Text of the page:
Business history as a subject is now host to a range of competing research agendas in terms of which cognate disciplines to engage with: management studies, economics, or its former institutional home, history. On the back of recent and significant new contributions to debates over the use of history within business and management studies (in particular, organisation studies), this article identifies, and appraises, the criticisms of business and management scholars, and historians, of each other’s respective gaps in approaches. In particular we consider the perception of historians as being anti-theory and of having methodological shortcomings; and business and management scholars displaying insufficient attention to historical context and their own privileging of certain social science methods over others. These are explored through an examination of three subjects where calls for more historical research have recently been made: strategy; international business; and entrepreneurship. Responding to calls in these fields, and extending work in the field of organisational studies, we propose a framework for advancing the use of history within business and management studies more generally through greater understanding of historical perspectives and methodologies.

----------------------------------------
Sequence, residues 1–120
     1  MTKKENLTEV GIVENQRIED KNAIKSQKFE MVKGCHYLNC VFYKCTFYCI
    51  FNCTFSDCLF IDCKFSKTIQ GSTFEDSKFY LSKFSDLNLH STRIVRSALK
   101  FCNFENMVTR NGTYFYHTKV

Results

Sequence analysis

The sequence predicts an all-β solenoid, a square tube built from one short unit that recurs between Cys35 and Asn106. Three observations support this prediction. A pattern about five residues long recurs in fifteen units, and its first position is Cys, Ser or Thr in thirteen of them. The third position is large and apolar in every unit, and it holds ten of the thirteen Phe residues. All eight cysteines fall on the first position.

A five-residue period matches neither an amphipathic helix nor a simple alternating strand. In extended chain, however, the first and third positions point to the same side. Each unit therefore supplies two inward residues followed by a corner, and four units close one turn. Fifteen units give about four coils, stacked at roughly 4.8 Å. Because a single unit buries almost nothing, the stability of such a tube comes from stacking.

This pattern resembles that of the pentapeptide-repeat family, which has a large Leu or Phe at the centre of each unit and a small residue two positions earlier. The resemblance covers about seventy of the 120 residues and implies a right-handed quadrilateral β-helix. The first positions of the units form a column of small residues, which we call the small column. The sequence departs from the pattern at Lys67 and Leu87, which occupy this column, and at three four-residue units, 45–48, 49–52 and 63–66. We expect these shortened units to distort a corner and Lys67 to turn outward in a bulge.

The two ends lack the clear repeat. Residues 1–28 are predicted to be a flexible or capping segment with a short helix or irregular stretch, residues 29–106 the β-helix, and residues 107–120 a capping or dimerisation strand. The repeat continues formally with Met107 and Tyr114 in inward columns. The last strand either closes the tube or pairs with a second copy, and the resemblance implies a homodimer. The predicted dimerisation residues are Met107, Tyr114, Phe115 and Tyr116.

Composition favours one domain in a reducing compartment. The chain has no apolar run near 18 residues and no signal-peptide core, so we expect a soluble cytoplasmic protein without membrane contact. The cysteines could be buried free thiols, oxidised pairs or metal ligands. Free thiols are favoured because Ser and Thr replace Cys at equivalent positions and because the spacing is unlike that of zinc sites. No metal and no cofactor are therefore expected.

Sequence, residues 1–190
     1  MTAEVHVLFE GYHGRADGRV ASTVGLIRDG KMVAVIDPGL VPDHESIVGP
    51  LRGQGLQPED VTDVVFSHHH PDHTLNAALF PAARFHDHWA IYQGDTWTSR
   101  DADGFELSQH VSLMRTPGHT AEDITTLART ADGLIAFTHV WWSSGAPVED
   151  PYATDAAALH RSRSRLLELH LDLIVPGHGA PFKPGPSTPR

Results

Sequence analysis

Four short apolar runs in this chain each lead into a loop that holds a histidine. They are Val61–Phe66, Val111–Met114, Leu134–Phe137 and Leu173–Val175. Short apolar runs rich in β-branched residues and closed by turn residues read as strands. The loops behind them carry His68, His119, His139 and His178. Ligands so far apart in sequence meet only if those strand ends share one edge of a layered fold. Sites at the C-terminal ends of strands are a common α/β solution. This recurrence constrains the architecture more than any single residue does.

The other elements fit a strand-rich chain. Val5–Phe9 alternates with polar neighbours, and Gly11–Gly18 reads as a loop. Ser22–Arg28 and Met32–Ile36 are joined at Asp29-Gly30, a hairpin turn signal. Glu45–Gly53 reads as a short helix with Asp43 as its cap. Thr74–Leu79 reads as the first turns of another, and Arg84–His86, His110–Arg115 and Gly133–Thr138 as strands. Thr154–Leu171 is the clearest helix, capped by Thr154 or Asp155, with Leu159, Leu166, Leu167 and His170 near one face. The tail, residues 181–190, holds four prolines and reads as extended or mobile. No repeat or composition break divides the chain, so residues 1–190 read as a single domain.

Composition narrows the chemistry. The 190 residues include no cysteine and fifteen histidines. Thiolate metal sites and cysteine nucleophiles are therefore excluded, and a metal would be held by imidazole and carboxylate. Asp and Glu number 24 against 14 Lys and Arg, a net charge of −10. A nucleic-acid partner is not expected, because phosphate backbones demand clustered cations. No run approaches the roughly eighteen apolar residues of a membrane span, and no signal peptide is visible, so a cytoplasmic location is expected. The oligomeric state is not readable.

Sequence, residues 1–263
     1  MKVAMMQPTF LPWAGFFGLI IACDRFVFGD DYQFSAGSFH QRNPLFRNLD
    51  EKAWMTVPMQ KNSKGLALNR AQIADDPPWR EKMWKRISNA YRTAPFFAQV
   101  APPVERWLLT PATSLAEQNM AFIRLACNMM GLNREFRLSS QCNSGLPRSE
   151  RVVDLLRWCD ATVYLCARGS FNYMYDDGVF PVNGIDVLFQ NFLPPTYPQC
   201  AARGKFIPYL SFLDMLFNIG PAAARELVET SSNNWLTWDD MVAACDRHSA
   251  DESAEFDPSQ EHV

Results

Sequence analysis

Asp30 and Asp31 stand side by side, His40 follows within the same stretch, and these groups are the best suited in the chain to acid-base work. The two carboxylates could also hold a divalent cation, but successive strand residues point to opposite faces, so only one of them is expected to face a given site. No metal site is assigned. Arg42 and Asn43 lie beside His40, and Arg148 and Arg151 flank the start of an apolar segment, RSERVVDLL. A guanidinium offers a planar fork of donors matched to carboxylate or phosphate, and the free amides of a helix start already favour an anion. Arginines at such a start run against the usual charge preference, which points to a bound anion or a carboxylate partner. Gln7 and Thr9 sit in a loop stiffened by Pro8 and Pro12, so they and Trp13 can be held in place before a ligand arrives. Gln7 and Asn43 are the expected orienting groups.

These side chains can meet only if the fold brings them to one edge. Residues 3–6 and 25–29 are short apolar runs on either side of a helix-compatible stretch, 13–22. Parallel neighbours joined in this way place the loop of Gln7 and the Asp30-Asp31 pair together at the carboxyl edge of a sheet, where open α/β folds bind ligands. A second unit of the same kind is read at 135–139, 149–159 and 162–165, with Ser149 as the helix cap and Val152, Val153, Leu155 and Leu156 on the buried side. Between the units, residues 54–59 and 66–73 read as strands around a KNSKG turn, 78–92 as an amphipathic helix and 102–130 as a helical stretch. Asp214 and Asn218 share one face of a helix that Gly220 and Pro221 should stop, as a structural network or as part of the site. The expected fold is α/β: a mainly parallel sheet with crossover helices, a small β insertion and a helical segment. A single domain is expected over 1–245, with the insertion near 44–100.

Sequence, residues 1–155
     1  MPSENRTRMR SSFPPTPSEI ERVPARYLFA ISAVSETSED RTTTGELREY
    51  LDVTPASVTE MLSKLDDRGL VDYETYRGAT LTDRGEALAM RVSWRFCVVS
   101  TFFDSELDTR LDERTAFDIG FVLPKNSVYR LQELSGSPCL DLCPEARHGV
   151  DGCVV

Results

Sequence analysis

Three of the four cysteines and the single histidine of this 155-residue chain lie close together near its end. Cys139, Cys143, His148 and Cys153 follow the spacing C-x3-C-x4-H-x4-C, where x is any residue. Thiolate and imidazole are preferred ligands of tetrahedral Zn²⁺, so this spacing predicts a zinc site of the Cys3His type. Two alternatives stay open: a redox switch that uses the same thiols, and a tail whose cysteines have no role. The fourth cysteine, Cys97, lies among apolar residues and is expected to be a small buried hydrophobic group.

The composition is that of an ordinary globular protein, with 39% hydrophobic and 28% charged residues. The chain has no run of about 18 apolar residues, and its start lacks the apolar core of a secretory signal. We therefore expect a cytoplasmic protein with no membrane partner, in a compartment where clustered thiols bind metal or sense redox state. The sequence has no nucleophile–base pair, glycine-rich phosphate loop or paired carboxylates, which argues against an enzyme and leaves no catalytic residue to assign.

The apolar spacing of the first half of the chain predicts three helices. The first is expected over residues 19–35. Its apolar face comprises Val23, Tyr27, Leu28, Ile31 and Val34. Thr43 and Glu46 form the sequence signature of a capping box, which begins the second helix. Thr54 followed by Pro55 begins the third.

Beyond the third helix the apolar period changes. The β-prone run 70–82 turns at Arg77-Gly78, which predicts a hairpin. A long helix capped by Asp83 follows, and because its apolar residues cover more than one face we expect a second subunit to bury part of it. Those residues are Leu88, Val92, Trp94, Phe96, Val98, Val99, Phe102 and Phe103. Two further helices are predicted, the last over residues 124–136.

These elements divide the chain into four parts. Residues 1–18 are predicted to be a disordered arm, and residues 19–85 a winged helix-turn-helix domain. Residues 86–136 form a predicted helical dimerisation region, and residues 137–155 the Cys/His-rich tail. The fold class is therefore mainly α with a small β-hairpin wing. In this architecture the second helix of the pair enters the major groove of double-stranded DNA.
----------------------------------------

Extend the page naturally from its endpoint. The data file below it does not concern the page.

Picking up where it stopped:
Bibliographical noteThis is an Accepted Manuscript of an article published by Taylor & Francis in Business History on 17/02/17, available online: http://www.tandfonline.com/10.1080/00076791.2017.1280025
- international business